Management of patients with thyroid emergencies in the ICU

Leonard Wartofsky

Dr Leonard Wartofsky is a professor of medicine at Georgetown University Hospital, chairman emeritus of the Department of Medicine at the Washington Hospital Center, and past president of the American Thyroid Association and the Endocrine Society.

Should patients with thyroid emergencies (myxedema coma, thyroid storm) be treated in the intensive care unit (ICU)? What parameters and laboratory tests should be monitored?

Leonard Wartofsky, MD, MPH: Yes, definitely. Patients with thyroid emergencies, either thyrotoxic storm or myxedema coma, must be treated in an ICU, where they can be monitored closely with Swan-Ganz catheters or other mechanisms to closely follow blood pressure and respiratory function. They need periodic blood gases to make sure their ventilation is optimal. Electrolytes are important, particularly looking at the hyponatremia in the myxedema coma patient. And of course, keeping close track on temperature in both types of patients [is important] as well, and careful monitoring of the effects of various drugs that are being given.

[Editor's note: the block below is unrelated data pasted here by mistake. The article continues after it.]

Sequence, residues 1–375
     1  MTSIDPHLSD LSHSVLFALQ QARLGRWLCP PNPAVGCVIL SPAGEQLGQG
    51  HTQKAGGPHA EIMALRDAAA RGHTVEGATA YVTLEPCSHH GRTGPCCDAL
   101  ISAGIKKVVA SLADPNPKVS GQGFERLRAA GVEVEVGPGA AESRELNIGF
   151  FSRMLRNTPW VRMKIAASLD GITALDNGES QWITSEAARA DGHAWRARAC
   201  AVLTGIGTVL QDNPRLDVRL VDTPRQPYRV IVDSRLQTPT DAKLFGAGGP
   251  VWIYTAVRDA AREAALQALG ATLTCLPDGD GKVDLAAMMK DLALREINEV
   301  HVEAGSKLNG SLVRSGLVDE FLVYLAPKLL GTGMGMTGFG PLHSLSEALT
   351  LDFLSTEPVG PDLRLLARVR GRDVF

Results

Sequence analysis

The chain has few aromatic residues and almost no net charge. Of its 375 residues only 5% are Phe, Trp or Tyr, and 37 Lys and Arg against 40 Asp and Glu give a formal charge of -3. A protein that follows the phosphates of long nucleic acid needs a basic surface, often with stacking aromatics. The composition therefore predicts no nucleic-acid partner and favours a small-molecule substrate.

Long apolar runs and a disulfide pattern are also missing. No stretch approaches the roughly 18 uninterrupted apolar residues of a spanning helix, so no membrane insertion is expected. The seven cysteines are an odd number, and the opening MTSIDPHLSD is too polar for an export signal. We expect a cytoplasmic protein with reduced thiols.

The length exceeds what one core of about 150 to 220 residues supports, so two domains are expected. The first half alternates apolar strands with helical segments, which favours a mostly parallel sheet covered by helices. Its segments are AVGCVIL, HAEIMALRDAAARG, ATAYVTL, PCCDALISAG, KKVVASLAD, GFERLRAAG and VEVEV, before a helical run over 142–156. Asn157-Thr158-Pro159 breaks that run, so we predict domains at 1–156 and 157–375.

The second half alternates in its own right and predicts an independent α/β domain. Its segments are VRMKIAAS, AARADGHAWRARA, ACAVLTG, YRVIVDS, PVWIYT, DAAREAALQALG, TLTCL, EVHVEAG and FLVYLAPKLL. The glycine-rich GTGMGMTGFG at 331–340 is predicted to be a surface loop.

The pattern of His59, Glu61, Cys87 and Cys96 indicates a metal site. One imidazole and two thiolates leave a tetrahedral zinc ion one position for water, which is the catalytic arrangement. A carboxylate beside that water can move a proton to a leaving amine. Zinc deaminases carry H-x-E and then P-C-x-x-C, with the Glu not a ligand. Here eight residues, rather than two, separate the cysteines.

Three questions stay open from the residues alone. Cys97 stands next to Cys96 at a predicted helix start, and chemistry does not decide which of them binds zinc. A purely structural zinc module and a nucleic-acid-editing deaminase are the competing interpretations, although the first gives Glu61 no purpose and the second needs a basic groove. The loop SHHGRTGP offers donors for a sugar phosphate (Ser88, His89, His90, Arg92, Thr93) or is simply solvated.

There is really no substitute for the ICU for these patients.

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